Israel is the United States’ most loyal (and arguably most important) ally in the Middle East. But few Americans realize that this contemporary political connection is rooted in the founding of the United States, well before the modern state of Israel was established.
John Adams is still remembered as one of the founding fathers and a leader in the Revolution. He was the second president of the United States and served two terms. A devout Christian who attended Church, Adams read the Bible daily as he considered it “a lifelong guidebook”.
“I have always endeavored to read it with the same spirit and temper of mind, which I now recommend to you: that is, with the intention and desire that it may contribute to my advancement in wisdom and virtue,” Adams wrote to his son in 1811.
His statesmanship and philosophy were based on his utter respect for the Jews which was explicitly expressed in his personal correspondence. Many “enlightened” Christians such as Adams saw Jews as an ancient people who, by enunciating monotheism, laid the groundwork for Christianity. In a letter he wrote in 1808, Adams described the “Hebrews” as “the most glorious nation that ever inhabited this Earth.”
“The Romans and their Empire were but a Bauble in comparison of the Jews,” Adams wrote, while criticizing the French philosopher Voltaire for his antisemitic writings. “They have given religion to three-quarters of the Globe and have influenced the affairs of Mankind more, and more happily, than any other Nation ancient or modern.”
But the most remarkable aspect of Adams’ Biblical ideas was that he spoke of the creation of a Jewish state – 80 years before Theodore Herzl founded modern Zionism!
When John Adams left the White House in 1801, he maintained correspondence with Mordechai Manuel Noah, the most famous American Jew of his era. Noah was an American sheriff, playwright, diplomat, journalist, and utopian. Born of Portuguese Sephardic ancestry, Noah was the most important Jewish lay leader in New York in the early 19th century and the first Jew born in the United States to reach national prominence.
In 1818, Noah delivered a speech consecrating the new building erected by his own Congregation Shearith Israel, the Spanish and Portuguese Synagogue in New York. Noah’s “Discourse,” a copy of which resides in the archives of the American Jewish Historical Society, focused on the universal history of Jewish persecution at the hands of non-democratic governments and their peoples. An early Zionist, Noah believed that only when the Jewish people were reestablished in their own home, with self-governance, could they live free of oppression. Noah sent a copy of his “Discourse” to Adams.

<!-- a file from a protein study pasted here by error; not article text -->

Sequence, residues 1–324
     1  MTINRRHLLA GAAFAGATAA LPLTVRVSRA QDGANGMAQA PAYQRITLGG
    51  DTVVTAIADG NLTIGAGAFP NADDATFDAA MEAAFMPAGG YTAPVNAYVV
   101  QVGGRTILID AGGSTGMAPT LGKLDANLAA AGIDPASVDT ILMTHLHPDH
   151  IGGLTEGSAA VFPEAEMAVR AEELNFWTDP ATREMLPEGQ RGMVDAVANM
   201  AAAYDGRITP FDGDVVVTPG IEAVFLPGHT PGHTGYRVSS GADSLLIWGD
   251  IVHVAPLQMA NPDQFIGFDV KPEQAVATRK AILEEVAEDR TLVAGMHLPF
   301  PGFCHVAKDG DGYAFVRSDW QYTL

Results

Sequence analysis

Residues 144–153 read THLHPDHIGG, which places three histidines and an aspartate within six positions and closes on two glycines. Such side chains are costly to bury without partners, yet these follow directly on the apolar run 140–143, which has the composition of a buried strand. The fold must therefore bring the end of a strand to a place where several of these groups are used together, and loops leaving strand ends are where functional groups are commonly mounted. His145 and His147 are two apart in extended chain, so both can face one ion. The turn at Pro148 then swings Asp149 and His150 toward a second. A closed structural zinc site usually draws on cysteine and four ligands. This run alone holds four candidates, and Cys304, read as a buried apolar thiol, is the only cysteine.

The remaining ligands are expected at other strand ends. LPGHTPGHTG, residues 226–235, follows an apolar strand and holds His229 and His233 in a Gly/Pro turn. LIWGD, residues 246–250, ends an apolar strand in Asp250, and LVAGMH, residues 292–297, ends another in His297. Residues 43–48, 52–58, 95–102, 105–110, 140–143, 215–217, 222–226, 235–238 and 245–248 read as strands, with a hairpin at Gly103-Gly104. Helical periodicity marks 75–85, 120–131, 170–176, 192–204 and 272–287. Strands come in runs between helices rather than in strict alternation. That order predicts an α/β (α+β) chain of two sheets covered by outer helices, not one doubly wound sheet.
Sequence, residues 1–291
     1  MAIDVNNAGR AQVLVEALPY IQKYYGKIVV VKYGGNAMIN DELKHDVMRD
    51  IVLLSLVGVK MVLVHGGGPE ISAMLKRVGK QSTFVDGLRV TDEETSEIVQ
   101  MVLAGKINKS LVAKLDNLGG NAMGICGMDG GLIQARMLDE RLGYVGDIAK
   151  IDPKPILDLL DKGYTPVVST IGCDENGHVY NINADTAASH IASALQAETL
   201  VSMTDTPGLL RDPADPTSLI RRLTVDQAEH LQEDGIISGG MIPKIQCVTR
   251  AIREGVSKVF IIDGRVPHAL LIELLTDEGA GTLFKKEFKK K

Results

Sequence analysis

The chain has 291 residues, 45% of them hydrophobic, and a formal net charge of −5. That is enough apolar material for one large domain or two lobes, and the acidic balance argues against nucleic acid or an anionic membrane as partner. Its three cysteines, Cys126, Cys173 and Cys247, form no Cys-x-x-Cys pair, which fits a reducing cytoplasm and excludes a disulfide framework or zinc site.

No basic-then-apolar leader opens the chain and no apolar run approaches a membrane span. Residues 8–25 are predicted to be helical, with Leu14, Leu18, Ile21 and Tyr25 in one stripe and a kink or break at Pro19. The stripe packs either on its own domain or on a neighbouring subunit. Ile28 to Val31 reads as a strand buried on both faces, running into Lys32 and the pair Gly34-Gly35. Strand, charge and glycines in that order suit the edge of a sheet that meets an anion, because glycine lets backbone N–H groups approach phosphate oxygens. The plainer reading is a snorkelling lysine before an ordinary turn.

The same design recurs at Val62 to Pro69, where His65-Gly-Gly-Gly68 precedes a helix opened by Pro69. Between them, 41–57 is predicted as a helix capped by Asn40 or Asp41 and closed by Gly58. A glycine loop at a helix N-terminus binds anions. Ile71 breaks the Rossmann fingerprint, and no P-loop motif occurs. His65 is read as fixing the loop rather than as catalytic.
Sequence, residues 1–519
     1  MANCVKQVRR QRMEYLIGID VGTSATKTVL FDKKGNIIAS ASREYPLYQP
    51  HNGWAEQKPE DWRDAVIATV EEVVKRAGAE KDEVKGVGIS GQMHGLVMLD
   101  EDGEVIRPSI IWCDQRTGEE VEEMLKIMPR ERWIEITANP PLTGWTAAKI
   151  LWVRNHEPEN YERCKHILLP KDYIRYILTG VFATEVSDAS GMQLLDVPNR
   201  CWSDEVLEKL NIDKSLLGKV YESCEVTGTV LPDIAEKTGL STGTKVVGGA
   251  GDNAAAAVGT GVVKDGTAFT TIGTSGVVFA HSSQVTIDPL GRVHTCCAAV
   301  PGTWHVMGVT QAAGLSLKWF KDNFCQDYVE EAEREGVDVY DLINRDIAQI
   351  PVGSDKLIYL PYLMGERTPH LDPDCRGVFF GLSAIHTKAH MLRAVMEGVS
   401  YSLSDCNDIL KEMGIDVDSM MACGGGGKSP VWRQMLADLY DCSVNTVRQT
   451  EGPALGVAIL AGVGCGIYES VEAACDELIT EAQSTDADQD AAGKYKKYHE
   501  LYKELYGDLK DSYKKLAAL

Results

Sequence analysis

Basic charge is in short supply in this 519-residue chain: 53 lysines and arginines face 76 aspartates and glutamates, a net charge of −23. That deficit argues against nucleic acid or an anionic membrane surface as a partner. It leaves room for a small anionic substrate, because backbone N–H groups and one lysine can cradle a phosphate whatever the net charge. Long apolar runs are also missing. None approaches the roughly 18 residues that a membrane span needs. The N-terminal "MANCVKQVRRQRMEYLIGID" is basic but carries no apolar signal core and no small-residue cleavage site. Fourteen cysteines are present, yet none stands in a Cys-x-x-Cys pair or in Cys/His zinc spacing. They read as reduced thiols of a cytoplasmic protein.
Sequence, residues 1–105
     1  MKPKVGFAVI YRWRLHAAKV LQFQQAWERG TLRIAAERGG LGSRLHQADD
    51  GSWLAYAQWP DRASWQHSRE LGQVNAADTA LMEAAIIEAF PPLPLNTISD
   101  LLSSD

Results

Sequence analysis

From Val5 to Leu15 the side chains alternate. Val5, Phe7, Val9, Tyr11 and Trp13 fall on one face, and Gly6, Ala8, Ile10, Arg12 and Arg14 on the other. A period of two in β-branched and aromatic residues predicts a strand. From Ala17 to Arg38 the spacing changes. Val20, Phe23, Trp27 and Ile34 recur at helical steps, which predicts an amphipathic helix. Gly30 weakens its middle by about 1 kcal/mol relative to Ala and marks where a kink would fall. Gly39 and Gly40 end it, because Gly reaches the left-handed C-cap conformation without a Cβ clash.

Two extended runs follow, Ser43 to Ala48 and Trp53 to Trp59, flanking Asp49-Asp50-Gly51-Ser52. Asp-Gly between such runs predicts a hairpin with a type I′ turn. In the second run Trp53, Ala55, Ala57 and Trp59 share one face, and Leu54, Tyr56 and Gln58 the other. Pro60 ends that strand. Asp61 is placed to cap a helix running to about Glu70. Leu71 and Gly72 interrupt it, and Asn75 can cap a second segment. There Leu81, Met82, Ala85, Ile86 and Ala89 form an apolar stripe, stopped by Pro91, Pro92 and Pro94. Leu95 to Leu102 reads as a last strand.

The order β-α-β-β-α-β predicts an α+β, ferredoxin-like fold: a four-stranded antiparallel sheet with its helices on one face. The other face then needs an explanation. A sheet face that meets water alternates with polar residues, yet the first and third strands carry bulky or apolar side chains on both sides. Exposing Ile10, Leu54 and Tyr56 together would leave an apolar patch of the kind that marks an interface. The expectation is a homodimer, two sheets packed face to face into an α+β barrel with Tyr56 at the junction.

Adams responded encouragingly to Noah, although the former president was evasive regarding Jewish self-governance. Adams expressed to Noah his personal wish that “your Nation may be admitted to all Privileges of Citizens in every Country of the World.” For Adams, Jews had earned their rights by virtue of their historic contributions and by virtue of their citizenship, but he did not respond to the idea of a Jewish homeland.
One year later, Noah returned from one of his frequent trips abroad and sent Adams a copy of his travel memoir titled Travels in England, France, Spain and the Barbary States. Adams responded with a letter praising the memoir but expressed regret that Noah had not extended his travels to “Syria, Judea and Jerusalem” as Adams would have attended “more to [his] remarks than to those of any traveler I have yet read.”
Adams made an astounding statement, expressing his vision of an army of Jews conquering their homeland.
“Farther I could find it in my heart to wish that you had been at the head of a hundred thousand Israelites,” Adams wrote. “And marching with them into Judea and making a conquest of that country and restoring your nation to the dominion of it. For I really wish the Jews again in Judea an independent nation.”
Adams should be known not just as a supporter and defender of Judaism, but one of the first Zionists in the modern era, paving the way for all of the American Defenders of Zion who followed. So many American leaders admirably supported Jews in their desire to return home and establish modern Israel. The outflowing of love and support from the evangelical community towards Israel is truly inspiring.
May the “special relationship” between the US and Israel continue in the years ahead!